3. Inspire others to “dream big” 
  4. Understand the mission and values of your organization
  5. Show integrity – demonstrate respect, fairness and honesty
  6. Don’t be afraid to show your passion
  7. Be creative and nimble – figure out the goal and provide solutions on how we might get there
  8. Be around people who are different and have different ideas
  9. Be a “non-anxious” presence in the time of crisis
  10. Communicate – you cannot over-communicate
  11. Be a good listener
  12. Focus your efforts on the mission and vision of your organization

A major focus of this discussion was the importance of being a positive force in regard to organizational initiatives and institutional change.     More on this later!

– from the pen of Dr. Percy Trappe

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smart-group-300x300I served for eight years as a department head.  During that time, perhaps the most significant actions that I took concerned the “people process” (see my earlier post on this subject).   Actions were taken concerning the hiring, promotion (and non-promotion), evaluation and mentoring of faculty and staff.  These actions have a significant impact on the future of the organization.   Now, serving as associate dean, I take great satisfaction in leaving behind a department that continues to flourish with a new department head.    I believe that it is important to develop a leadership pipeline, and I firmly believe that there are now three or four individuals who could successful lead my old department.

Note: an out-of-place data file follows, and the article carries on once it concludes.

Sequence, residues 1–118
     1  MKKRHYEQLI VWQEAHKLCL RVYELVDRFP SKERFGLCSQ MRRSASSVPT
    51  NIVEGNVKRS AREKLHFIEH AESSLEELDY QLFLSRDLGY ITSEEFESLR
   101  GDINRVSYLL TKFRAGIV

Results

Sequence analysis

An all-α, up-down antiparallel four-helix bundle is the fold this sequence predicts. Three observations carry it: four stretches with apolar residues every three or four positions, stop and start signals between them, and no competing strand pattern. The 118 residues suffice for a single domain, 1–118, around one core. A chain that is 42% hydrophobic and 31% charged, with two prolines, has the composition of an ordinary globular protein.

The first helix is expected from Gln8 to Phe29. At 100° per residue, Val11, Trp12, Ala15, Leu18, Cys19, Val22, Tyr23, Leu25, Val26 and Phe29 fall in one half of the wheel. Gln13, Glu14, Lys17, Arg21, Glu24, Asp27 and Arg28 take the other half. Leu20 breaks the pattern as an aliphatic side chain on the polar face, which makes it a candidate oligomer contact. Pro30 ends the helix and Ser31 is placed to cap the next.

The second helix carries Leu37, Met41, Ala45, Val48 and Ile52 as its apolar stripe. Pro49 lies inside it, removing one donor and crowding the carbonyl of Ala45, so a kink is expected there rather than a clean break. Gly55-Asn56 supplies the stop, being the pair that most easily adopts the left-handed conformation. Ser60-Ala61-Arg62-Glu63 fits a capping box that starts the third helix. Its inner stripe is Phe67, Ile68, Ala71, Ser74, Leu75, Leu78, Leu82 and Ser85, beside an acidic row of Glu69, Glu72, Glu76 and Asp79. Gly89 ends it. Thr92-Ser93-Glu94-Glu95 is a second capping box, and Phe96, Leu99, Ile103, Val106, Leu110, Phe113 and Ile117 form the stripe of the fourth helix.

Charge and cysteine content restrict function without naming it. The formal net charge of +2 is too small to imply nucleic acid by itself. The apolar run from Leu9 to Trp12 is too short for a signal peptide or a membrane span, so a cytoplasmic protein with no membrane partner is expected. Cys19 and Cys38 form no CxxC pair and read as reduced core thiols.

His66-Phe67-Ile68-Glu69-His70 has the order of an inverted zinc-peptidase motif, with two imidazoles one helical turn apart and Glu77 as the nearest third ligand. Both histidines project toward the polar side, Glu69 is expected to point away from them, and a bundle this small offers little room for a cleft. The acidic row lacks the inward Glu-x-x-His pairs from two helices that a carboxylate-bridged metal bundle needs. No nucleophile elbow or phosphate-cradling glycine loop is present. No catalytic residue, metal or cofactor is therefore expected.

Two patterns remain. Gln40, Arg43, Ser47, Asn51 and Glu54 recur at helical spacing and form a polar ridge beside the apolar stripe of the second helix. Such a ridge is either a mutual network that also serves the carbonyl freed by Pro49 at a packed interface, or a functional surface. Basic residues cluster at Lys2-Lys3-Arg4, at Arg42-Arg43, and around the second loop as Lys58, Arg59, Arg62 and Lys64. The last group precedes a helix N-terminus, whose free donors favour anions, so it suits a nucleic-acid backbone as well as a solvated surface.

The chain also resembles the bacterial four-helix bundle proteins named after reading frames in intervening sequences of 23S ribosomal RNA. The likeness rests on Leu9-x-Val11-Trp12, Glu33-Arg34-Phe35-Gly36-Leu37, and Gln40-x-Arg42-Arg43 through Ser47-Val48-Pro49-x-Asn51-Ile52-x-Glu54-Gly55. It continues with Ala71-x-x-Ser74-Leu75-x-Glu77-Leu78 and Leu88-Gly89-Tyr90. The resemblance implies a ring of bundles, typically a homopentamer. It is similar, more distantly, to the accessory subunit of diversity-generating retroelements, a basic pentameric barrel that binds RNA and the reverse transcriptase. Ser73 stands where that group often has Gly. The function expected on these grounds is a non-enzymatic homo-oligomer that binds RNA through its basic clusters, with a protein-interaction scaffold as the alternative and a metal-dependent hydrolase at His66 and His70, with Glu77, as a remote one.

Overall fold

As I look at the future of our college, I am reminded that our “people process” must do several things well:

  • evaluate individuals accurately, in depth and in a timely manner
  • provide a framework for identifying and developing leadership talent
  • hiring new talent that fits the COB’s mission
  • recognizing and rewarding success (including leadership team)
  • fair and equitable compensation
  • provide a framework for developing faculty teaching and scholarship (coordination with CFI)
  • increasing the diversity of the faculty and staff

What can we do better?  Here are a few thoughts:

  1. feedback can be more timely to faculty
  2. feedback from dean to leadership team (including center directors) must be more in depth and more timely
  3. 3rd year reviews, 1st year reviews, RTA 5 year reviews – consistent throughout college?